6. Probiotics and Fermented Foods: Probiotics and fermented foods both help to replenish the gut with good bacteria, and fight off the bad guys. If you’re preventing, or warding off a cold this season, these two will be your secret weapon. Picture this, you’ve got a cold or the flue, and inside your gut you’ve got bad bacteria taking you down for the count, then low and behold, you load your body up with probiotics and ferments, and all of a sudden you’ve got a small army of “good guys”, wiping the “bad guys” out for good. Fermented foods are also one of the best ways to detoxify, so add a tablespoon or two to each meal for a boost in energy and protection against illness.
7. Local Organic, Unpasteurized Honey or Bee Propolis: Honey has been used medicinally looking back as far back as ancient Egypt. Egyptians used honey for healing wounds and making offerings to their gods. Today, we use honey medicinally to boost the immune system, suppress a cough or gently soothe a sore throat. Bee Propolis is harvested by wild crafters for its potent medicinal qualities and is often used reduce pain and inflammation, boost the bodies own healing capacities due to its antioxidant contents, and sooth a sore throat. May I be abundantly clear when I mention conventional, pasteurized honey is not the same as local and organic unpasteurized honey. They are entirely different, in the sense that convention honey is often messed with, laced with additional additives and sometimes even high fructose corn syrup prior to be stocked on the shelves. Conventional honey is also an issue because many larger corporations have little respect for the bees and take more honey than they should. Purchase your honey from reputable, local bee keepers or sellers whom you know respect bees and the entire process. We use a honey infused with bee propolis, look for one local to you at your farmers market or health food store.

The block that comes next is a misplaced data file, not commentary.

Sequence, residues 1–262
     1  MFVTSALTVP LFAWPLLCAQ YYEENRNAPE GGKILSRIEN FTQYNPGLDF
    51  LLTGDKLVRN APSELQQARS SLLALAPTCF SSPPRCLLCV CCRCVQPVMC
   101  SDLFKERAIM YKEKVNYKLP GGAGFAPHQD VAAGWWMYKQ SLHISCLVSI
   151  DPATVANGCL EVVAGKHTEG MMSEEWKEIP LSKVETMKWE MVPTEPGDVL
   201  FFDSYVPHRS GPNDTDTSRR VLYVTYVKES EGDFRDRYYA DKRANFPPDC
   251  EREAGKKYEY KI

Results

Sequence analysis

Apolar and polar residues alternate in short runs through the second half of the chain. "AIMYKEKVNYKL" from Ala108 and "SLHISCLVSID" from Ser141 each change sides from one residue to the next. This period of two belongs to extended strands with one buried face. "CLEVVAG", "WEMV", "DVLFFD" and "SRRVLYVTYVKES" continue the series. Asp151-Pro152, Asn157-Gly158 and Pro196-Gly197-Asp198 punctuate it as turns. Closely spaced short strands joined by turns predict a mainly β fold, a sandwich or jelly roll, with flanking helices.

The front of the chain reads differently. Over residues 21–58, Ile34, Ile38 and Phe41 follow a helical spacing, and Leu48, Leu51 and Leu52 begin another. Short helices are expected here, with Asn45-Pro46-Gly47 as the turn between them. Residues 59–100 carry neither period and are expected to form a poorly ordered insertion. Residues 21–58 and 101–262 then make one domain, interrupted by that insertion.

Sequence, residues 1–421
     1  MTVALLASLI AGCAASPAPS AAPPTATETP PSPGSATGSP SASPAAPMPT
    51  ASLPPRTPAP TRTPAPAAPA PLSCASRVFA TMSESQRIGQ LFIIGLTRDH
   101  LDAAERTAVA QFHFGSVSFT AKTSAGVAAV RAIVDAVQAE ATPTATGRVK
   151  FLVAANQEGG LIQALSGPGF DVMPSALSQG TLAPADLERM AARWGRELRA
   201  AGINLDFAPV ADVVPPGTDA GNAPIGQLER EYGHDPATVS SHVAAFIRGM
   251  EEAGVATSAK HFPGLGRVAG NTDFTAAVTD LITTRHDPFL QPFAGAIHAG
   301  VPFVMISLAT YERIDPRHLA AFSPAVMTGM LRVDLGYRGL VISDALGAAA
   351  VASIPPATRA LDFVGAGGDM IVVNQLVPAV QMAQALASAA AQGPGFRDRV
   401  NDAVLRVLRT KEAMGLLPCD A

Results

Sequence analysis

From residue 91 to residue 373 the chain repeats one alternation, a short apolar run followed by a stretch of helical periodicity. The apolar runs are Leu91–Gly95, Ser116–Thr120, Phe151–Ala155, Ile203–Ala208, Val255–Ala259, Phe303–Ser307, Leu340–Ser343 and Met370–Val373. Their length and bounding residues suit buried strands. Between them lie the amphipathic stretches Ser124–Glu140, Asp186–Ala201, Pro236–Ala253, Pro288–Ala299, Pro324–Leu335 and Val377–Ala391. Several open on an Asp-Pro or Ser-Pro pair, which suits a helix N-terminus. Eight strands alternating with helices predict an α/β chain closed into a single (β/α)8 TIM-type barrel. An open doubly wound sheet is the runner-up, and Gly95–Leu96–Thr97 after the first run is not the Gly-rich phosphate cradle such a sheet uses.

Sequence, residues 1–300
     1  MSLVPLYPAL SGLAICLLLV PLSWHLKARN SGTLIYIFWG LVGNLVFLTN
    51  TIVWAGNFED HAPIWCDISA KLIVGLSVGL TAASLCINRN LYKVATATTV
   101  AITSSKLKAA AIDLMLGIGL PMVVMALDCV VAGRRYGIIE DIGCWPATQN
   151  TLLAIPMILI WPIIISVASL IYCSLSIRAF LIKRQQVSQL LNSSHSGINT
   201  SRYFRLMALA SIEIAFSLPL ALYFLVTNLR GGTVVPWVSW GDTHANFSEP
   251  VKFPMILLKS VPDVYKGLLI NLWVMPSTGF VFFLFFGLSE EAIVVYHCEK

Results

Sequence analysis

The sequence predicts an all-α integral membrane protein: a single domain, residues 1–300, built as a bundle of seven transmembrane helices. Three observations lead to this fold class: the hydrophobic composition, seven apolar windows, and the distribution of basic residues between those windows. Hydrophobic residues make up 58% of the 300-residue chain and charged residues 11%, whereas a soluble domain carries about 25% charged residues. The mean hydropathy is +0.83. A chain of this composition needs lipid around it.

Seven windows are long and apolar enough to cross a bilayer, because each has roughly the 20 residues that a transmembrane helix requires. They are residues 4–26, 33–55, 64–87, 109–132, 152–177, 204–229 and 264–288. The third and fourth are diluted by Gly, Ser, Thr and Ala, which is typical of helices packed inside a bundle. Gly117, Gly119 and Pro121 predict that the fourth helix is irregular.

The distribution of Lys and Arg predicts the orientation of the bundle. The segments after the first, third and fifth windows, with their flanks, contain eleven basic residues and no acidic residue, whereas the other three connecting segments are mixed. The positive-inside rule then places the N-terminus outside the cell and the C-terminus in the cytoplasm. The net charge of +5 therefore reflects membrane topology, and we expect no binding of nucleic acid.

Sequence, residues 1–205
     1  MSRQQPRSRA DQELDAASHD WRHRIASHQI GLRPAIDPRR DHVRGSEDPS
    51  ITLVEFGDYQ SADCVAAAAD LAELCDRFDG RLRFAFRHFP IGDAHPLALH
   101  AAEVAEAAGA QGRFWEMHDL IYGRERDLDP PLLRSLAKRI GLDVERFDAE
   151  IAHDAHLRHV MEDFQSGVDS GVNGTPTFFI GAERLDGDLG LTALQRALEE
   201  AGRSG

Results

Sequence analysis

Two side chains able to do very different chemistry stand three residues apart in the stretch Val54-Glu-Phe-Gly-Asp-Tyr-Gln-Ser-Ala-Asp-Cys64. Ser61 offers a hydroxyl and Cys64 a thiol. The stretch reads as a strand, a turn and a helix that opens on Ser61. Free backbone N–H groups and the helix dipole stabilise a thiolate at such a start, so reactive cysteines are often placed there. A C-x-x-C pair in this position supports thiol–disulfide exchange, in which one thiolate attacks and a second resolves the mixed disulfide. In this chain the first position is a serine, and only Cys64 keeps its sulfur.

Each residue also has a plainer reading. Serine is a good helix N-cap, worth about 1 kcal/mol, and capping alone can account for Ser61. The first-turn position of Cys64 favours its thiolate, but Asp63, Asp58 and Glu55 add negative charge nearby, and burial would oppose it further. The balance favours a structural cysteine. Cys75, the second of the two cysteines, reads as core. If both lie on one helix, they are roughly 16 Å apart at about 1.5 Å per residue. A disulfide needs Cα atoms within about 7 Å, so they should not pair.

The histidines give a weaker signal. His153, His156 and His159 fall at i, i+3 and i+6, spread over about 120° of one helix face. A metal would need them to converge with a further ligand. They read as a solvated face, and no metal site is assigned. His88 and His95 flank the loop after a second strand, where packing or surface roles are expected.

8. Elderberry tea: Elderberries are loaded with antioxidants and have antiviral, antibacterial components that make it a medicinal tool for preventing or treating a common cold or flu, and prevent cell damage in the body. They’ve also been used to help relieve sinus pain, by unblocking sinus passages and mucous membranes. Elderberries must be cooked because in raw form they contain a chemical similar to cyanide. Most commonly, elderberry is found in tincture or tea form, and you may even come across elderberry syrups at a local farmers market.
9. Echinacea: Echinacea is a blood cleanser, helping to remove impurities from the blood stream thus warding off infection. It’s a Native American herb found in the Rocky Mountains and used in American and European medicine. Herbalists will generally recommend an extraction, as that is where the most potent medicinal qualities can be found. Taking Echinacea to fend off a cold or infection in the body works because the plant extract is stimulating your body’s ability to purify, and recycle out cell wastes from the body. If you’re not into Echinacea, you could also check out burdock root for another blood cleanser that also supports a healthy complexion.
10. Goldenseal: Goldenseal is a bitter tonic, and most certainly not for daily use because of its potency, however it pairs well with Echinacea. While Echinacea is busy warding off waste in the body, Goldenseal can keep inflammation under control, thus protecting your immune system from a crash. This can help to fight an infection more quickly and get back into a state of health. Herbalists generally don’t recommend you take Goldenseal for any more than 2-3 days out of a month, so don’t go gung ho on this stuff as a daily immune-booster. I once knew a Nutritionist who with an extreme sinus infection, snorted a bit of Goldenseal and claimed it helped her immediately. Not recommending you try this at home, but you could consider a Neti Pot instead for clearing your sinuses instead if you’re clogged up.
Disclaimer: Please do your own research before utilizing plant-medicines in your own healing protocol. While most of these superfoods and herbs are safe for anyone, some have contraindications and should be used with consideration. If you’re pregnant, nursing, on blood-thinners or other medications, always consult your care provider before using something new. Not all of these remedies are safe for children.